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J Am Vet Med Assoc. 2011 Feb 15;238(4):480-5. doi: 10.2460/javma.238.4.480.

Predictors of long-term survival in dogs with high-grade multicentric lymphoma.

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  • 1Clinica Veterinaria L'Arca, Vico Cacciottoli 46-47, 80129 Naples, Italy.



To determine factors predicting survival in dogs with high-grade multicentric lymphoma. Design-Retrospective cohort study. Animals-127 dogs with high-grade multicentric lymphoma evaluated at 4 veterinary hospitals from 2000 to 2009.


Records were reviewed to identify dogs with completely staged high-grade multicentric lymphoma treated with chemotherapy. Data collected included signalment, history, hematologic findings, tumor characteristics, treatment, and outcome. Long-term survival was defined as surviving > 2 years after diagnosis. Variables were analyzed for associations with dogs living > 2 years.


Among the 127 enrolled dogs, 13 (10%) survived > 2 years with a median survival time of 914 days (range, 740 to 2,058 days). Survival rates at 3, 4, and 5 years were 4%, 3%, and 1 %, respectively. At diagnosis, 11 of the 13 long-term survivors had a body weight ≥ 10 kg, PCV ≥ 35%, absence of ionized hypercalcemia, centroblastic lymphoma, immunophenotype B, absence of bone marrow involvement, and lymphoma stages I through IV and were not previously treated with corticosteroids. The same combination of factors was present in 26 of 114 (23%) dogs surviving ≤ 2 years, yielding a negative predictive value of 97.8% for long-term survivors. Four of the 6 long-term survivors that died during the study died of another cancer; 3 of them had osteosarcoma.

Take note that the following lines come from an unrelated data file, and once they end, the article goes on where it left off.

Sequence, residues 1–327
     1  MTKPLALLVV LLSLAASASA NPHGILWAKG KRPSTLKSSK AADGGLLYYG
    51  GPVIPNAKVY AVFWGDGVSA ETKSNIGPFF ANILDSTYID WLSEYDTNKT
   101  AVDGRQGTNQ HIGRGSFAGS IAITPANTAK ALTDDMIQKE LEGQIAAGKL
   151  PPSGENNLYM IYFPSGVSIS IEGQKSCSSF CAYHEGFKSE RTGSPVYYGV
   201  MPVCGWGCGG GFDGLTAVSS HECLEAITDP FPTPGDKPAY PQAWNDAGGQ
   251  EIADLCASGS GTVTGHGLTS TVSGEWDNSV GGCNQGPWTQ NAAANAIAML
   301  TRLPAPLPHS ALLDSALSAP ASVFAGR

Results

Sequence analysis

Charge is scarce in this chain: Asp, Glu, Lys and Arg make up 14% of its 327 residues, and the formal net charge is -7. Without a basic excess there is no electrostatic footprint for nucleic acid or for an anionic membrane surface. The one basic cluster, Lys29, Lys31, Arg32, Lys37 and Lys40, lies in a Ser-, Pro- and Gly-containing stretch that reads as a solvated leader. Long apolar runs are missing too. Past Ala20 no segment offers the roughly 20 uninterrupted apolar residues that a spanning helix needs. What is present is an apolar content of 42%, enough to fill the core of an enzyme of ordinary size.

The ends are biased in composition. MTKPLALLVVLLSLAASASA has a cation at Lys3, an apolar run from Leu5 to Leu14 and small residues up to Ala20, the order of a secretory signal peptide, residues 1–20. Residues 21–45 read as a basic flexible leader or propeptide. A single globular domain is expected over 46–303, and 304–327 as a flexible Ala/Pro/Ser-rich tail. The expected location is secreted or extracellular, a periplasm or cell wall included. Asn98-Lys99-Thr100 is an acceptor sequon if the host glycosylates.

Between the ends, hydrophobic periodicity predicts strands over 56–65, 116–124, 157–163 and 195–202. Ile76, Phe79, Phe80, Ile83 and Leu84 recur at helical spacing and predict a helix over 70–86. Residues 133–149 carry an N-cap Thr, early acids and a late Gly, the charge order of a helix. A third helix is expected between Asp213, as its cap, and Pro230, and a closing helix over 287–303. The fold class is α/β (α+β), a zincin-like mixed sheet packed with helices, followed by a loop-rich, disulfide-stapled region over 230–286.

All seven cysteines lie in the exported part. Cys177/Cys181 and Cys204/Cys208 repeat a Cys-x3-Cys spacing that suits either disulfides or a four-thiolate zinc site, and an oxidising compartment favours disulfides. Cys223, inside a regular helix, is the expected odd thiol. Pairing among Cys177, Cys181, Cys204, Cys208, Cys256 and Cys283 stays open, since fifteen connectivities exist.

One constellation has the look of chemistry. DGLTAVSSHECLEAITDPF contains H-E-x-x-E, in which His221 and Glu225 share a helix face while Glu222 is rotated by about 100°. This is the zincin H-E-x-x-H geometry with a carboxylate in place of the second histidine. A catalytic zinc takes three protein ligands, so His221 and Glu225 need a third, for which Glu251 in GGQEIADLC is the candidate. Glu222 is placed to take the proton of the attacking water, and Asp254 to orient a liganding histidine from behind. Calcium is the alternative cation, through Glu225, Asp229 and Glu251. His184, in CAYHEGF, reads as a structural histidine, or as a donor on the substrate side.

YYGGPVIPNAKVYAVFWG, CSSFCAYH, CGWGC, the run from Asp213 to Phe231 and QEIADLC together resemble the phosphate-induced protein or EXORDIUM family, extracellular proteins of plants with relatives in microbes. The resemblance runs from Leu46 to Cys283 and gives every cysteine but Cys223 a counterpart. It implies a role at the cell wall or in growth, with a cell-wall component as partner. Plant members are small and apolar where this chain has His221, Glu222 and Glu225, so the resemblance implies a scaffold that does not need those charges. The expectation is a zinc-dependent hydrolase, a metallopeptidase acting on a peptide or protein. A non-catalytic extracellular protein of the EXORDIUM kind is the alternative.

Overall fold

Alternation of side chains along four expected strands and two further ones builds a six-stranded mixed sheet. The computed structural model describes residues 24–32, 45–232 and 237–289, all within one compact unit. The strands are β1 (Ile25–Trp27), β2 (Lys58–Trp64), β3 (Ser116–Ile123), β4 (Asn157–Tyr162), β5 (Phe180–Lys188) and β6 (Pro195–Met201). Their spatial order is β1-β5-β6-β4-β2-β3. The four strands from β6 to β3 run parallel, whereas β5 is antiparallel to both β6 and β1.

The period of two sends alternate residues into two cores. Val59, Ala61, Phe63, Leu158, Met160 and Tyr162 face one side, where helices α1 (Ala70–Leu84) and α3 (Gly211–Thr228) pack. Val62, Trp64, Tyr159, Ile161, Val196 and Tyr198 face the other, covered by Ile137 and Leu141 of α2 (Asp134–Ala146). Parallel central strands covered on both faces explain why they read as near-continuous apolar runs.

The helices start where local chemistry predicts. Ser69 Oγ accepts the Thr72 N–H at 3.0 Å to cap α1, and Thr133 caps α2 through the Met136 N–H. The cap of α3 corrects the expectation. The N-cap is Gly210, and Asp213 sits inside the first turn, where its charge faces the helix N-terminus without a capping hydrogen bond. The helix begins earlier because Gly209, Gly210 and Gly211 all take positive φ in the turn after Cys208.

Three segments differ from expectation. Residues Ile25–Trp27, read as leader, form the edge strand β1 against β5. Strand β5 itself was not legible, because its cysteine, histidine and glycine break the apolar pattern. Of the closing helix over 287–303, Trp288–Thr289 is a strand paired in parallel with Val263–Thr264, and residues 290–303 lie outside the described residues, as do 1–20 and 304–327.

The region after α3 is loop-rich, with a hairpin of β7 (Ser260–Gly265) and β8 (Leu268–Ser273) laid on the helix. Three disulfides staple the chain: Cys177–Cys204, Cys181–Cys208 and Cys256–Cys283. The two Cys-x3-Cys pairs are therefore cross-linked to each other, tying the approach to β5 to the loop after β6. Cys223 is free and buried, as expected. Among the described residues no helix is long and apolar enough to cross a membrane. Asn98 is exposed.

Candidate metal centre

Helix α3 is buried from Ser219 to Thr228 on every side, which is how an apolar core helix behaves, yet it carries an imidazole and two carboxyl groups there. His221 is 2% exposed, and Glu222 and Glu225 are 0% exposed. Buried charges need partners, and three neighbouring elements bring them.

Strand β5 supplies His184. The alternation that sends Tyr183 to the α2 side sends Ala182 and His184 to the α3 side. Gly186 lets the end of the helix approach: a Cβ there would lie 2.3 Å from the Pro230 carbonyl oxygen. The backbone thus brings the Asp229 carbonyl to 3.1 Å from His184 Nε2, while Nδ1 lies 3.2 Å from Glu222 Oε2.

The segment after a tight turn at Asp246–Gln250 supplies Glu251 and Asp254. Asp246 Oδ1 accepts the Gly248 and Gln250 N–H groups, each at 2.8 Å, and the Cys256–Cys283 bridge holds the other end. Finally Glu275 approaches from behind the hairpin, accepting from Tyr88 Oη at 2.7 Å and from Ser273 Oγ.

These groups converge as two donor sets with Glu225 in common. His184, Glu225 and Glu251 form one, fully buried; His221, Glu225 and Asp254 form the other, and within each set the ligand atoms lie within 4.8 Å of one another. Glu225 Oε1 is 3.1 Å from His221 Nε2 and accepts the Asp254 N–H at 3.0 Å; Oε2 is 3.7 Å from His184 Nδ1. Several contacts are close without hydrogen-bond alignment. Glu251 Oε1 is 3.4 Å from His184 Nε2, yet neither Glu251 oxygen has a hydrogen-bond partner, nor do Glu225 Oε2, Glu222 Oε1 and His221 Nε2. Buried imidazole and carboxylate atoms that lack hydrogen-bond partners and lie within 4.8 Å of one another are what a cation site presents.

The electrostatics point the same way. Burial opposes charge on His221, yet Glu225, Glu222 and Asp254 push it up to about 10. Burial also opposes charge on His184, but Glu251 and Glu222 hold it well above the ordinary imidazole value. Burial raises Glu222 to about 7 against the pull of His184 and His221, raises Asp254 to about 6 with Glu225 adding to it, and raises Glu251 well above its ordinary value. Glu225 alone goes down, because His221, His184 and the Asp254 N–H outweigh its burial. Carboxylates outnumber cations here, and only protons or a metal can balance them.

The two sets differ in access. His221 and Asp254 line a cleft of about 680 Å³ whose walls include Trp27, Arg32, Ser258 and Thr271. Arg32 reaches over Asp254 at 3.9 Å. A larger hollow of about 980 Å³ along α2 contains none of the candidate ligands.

Absence of the aforementioned combination of variables at diagnosis may help identify dogs with lymphoma that will not survive > 2 years. Other types of neoplasia, in particular osteosarcoma, may develop in long-term-surviving dogs.

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